grouting and caulking in the bath areas. Very minor imperfections can allow water to get into the wall or floor areas and cause
moisture damage. Often, recommendations are made to prevent problems from occurring. This may as simple as replacing existing
caulking or regrout. But, it may include replacement of existing floor covering, tub surround materials or repairing fixtures.
Ventilation is essential in the bathroom. Without proper ventilation, discoloring and molds/mildews will form on the walls and
ceilings; wallboard fasteners may rust and discolor the walls/ceilings over time. Windows are used for ventilation and are commonly
found in older houses (usually in bathrooms on the outer portion of the house), but may not be readily used during colder weather.
Exhaust fans are the best solution for ventilation. Quality exhaust fans are powerful and quiet, and are more readily used than
windows. Consider installing fans in all bathrooms and replace all noisy fans.
BATH #1:
Location:
Type:
Condition of Toilet:
Bathroom components:
Ventilation:
Floor Covering(s):
Flooring Condition(s):
Main Floor, Hallway.
1/2 Powder Room.
Appears serviceable and operates/functions as intended.
Overall the sink/component conditions- Appear serviceable. Pedestal sink/stand- Appears
Serviceable. Drain line appears serviceable at this time.
Exhaust fan- Appears serviceable (operated when tested).
Hardwood.
Overall Condition- Appears Serviceable.
BATH #2:
Location:
Type:
Tub/Shower Enclosure:
Enclosure Conditions:
Master Bedroom.
Full- Tub surround and Shower surround.
Tile- Ceramic/Porcelain/Stone, with Plastic pan.
Overall condition of the shower enclosure appears serviceable.
- Recommend sealing (clean as needed) the grout lines in the surround to protect against water
penetration.
- Replace caulking at the door frame as needed.
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Tub Condition(s):
Tub/Shower Plumbing
Fixtures:
Condition of Toilet:
Bathroom components:
Ventilation:
Floor Covering(s):
Flooring Condition(s):
Tub appears serviceable. The tub enclosure/surround appears serviceable.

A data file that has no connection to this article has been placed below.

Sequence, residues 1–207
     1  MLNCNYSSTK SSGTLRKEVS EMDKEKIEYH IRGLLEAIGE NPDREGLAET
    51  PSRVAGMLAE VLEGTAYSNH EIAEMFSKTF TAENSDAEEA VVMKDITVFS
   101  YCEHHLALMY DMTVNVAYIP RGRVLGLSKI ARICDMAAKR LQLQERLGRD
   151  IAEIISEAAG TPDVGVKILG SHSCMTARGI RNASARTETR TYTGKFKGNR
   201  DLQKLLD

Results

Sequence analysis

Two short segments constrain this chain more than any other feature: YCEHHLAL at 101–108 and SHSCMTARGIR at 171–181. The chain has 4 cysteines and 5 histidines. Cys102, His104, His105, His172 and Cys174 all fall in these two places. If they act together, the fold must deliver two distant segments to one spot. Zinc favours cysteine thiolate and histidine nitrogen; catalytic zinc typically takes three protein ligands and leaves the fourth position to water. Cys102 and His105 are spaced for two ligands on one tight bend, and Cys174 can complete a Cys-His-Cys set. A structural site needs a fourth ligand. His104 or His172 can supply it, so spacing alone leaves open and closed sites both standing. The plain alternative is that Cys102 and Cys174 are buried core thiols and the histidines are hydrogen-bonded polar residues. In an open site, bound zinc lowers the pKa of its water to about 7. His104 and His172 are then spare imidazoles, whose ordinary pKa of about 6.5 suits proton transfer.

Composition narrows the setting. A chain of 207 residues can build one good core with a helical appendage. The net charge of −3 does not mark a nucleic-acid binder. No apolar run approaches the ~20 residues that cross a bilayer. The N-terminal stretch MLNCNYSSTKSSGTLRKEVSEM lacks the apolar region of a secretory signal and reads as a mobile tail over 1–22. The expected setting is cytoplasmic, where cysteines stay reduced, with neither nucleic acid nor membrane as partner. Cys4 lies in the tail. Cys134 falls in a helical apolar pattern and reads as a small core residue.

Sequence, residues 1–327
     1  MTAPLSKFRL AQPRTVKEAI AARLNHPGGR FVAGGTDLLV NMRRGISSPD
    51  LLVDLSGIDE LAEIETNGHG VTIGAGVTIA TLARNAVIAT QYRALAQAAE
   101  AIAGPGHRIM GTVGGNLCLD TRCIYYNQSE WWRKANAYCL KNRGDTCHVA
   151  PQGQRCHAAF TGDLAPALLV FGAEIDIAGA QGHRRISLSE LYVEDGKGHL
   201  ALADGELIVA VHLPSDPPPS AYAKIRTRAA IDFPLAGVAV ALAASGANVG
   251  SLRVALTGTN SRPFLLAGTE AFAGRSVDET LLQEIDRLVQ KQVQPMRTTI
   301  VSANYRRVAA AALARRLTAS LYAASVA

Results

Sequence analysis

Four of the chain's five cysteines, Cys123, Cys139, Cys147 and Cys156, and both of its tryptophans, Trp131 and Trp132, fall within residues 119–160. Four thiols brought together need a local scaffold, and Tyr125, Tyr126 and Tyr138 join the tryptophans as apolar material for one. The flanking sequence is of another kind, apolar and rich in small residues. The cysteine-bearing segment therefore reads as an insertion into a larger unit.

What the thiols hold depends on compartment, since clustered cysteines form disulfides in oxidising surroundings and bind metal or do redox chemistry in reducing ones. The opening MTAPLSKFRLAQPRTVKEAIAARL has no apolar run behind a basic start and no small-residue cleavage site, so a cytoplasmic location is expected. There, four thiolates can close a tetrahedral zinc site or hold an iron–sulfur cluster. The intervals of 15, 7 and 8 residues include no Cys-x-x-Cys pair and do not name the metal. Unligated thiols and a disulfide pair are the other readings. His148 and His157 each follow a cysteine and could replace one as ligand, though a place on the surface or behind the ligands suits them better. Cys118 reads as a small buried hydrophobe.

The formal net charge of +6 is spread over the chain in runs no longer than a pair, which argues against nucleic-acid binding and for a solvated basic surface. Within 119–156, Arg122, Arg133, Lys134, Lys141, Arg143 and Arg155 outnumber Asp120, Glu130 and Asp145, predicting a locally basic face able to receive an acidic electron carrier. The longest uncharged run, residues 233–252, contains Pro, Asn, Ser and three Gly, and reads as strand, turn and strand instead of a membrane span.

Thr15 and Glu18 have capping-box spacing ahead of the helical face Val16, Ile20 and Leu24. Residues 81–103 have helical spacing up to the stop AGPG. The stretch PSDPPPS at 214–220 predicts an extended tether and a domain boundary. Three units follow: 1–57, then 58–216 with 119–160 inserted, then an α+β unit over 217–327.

Appears serviceable- fixtures were operational/functional when tested. Tub spout appears to be
serviceable. Shower head appears serviceable/operational. Drain appears serviceable- visual
inspection only, with limited testing.
Appears serviceable and operates/functions as intended.
Overall the sink/component conditions- Appear serviceable. Counters/cabinets appear
serviceable.
- The right sink drain appears to be clogged- drained very slowly when tested.
Exhaust fan- Appears serviceable (operated when tested).
Vinyl.
Overall Condition- Appears Serviceable.
BATH #3:
Location:
Type:
Tub/Shower Enclosure:
Enclosure Conditions:
Tub/Shower Plumbing
Fixtures:
Condition of Toilet:
Bathroom components:
Ventilation:
Floor Covering(s):
Flooring Condition(s):
Upstairs Hallway.
Full- Tub & Shower surround combination.
Thermoplastic/Fiberglass.
Overall condition of the tub/shower enclosure appears serviceable.
Appears serviceable- fixtures were operational/functional when tested. Tub spout appears to be
serviceable. Shower head appears serviceable/operational. Drain appears serviceable- visual
inspection only, with limited testing.
Appears serviceable and operates/functions as intended.
Overall the sink/component conditions- Appear serviceable. Counters/cabinets appear
serviceable. Drain line appears serviceable at this time.
Exhaust fan- Appears serviceable (operated when tested).
Vinyl.
Overall Condition- Appears Serviceable.
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ELECTRICAL SYSTEM